Old Town and the Bangor Region: Quality of Life

The Bangor region and Old Town are captivating places to live and do business. Residents and workers have the advantage of small-town living with easy access to larger-city amenities.

A multitude of outdoor recreational activities are available within or in close proximity to Old Town. Whether you're a biker, hiker, skier, hunter, golfer, camper, or all of the above, in Old Town, your next adventure is always right around the corner. If you head about 60 miles south, you'll come across Acadia National Park, home to the tallest Mountain on the U.S. Atlantic Coast. Drive about 80 miles north from Old Town and you'll find Baxter State Park, a 201,000 acre wilderness area that has over 50 inter-connecting trails to ponds and peaks.

Old Town is situated among a rich and diverse arts, cultural, and entertainment environment created by Downtown Bangor, its Riverfront, and the University of Maine. Also located nearby is the newly renovated Cross Insurance Center, which hosts an array of large-scale concerts, circuses, sporting events, trade shows, and more.

Old Town's low crime rates and short commute times to work (19 minutes compared to 22 for the Bangor region and 25 nationally) also contribute to the City's livability.

Bangor and the surrounding region are continuously recognized as great places to live, work, and play. In 2010, the Bangor region made RelocateAmerica.com's list of America's Top 100 Places to Live. In 2009, Bangor was also named one of Money Magazine's 25 best places to retire and Children's Health Magazine's top 25 places to raise a family.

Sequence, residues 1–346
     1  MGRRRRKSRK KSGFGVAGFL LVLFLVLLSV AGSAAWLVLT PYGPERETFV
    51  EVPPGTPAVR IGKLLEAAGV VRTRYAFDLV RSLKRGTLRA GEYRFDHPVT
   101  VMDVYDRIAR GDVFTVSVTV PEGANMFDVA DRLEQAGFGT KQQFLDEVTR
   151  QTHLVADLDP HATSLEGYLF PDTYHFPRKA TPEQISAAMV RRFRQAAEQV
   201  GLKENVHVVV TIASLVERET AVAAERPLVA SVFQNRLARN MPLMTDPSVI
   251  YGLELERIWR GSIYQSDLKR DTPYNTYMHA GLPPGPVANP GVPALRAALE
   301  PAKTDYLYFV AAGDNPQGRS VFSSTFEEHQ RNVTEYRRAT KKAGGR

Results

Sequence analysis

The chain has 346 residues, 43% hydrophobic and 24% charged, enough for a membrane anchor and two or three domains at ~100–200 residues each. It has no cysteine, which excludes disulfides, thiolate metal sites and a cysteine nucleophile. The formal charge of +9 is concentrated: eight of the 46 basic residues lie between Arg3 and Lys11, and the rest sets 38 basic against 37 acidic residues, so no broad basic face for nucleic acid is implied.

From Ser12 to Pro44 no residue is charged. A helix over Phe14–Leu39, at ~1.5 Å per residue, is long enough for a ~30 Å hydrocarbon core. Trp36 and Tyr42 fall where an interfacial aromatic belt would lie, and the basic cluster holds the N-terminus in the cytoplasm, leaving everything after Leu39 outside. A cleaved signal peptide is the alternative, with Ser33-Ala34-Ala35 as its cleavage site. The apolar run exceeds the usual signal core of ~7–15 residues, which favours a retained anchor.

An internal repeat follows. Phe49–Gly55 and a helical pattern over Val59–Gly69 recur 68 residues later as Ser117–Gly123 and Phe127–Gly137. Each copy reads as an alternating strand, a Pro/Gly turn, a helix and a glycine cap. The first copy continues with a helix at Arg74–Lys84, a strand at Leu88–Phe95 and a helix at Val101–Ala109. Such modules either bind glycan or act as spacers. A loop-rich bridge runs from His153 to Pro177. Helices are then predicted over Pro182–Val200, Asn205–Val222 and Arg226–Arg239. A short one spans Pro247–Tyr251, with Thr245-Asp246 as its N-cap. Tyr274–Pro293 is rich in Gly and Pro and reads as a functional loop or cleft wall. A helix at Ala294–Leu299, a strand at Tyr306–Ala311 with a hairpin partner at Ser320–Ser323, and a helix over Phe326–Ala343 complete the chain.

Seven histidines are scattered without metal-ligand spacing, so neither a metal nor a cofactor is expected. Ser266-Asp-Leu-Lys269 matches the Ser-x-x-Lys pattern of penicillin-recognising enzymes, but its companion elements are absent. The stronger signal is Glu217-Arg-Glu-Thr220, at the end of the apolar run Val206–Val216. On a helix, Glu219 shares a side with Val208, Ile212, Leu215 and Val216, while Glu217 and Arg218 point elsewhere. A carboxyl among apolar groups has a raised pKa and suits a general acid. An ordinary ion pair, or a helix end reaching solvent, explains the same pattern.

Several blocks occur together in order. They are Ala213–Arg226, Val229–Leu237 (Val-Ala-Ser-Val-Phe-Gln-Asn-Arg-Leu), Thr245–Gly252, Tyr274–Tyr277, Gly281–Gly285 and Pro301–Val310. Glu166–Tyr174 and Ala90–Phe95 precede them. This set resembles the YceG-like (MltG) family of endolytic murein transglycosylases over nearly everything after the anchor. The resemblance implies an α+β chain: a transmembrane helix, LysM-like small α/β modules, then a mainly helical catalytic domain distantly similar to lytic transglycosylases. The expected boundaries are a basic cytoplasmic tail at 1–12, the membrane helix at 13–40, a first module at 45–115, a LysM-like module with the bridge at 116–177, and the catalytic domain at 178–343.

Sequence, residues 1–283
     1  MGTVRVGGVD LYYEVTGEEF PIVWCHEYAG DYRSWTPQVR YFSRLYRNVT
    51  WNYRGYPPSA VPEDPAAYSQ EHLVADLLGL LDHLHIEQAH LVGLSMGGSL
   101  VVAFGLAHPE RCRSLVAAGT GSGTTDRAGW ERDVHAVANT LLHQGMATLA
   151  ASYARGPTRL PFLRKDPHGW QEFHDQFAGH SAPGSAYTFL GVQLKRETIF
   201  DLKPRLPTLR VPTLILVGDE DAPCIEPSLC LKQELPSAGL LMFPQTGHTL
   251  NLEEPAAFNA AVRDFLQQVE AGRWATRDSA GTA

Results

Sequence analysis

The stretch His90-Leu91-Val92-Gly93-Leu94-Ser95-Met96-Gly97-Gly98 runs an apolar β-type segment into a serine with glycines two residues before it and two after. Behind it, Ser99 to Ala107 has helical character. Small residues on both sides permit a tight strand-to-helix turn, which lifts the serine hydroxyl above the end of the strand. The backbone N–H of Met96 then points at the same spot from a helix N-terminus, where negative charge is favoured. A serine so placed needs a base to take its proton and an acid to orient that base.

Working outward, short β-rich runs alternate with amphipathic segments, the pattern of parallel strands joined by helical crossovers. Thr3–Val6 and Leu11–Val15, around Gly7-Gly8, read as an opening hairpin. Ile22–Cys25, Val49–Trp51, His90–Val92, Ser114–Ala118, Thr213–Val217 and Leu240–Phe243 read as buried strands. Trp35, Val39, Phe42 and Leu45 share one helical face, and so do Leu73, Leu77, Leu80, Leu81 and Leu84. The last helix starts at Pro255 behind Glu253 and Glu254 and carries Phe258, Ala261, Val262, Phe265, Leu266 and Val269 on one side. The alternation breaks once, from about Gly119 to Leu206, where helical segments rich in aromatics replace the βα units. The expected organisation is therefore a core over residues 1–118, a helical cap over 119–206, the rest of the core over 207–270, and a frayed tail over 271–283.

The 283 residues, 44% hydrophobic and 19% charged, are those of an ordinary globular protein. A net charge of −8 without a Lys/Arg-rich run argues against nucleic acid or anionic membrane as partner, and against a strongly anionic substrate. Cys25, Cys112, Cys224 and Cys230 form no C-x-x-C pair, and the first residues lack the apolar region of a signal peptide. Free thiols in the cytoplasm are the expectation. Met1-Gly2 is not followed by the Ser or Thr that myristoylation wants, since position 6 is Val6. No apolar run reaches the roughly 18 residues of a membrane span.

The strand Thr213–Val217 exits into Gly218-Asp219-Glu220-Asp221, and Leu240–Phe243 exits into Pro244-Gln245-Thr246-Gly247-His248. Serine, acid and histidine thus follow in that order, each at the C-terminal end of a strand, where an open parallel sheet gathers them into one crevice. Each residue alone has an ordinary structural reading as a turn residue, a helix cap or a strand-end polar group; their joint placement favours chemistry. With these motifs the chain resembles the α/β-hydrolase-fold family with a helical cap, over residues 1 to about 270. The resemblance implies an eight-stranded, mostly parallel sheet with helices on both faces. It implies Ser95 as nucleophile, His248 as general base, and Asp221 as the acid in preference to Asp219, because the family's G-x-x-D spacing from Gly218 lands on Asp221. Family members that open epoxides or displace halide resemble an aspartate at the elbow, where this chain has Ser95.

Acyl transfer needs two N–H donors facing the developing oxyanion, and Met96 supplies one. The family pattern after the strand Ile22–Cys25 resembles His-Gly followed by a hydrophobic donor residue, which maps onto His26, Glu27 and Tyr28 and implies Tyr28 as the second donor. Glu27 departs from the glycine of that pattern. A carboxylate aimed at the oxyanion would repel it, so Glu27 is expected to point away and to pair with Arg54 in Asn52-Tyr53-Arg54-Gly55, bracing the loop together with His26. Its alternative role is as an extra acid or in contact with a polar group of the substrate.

A Riverine Culture:

Where did the largest canoe manufacturer in the world originate?

Old Town of course! 

The Old Town Canoe Company was organized around the turn of the century and today is now a global leader in canoes as well as kayaks.

In 1798, Richard Winslow build a water-powered sawmill along the riverbank, formally entwining Old Town's economy to the Penobscot River. With its abundant supply of water power, direct access to the North Woods, and a railroad running right through town, Old Town's lumber industry grew rapidly. By 1860 it was the largest supplier of lumber in the U.S. Over time, the City's transportation advantages allowed its economy to diversity with the construction of woolen mills and a growing emphasis on canoe and shoe manufacturing - all made possible by Old Town's strategic location on the Penobscot River.

Today, the river continues to be instrumental to our economy and way of life. The Penobscot River provides some of the finest recreational opportunities available in the Northeast. In particular, paddling, fishing, camping, hiking, sightseeing, and bird watching are some of the most popular activities in and along the river.

Old Towners take every opportunity to celebrate our riverine heritage with events such as the annual Old Town Riverfest and the Canoe Hullabaloo.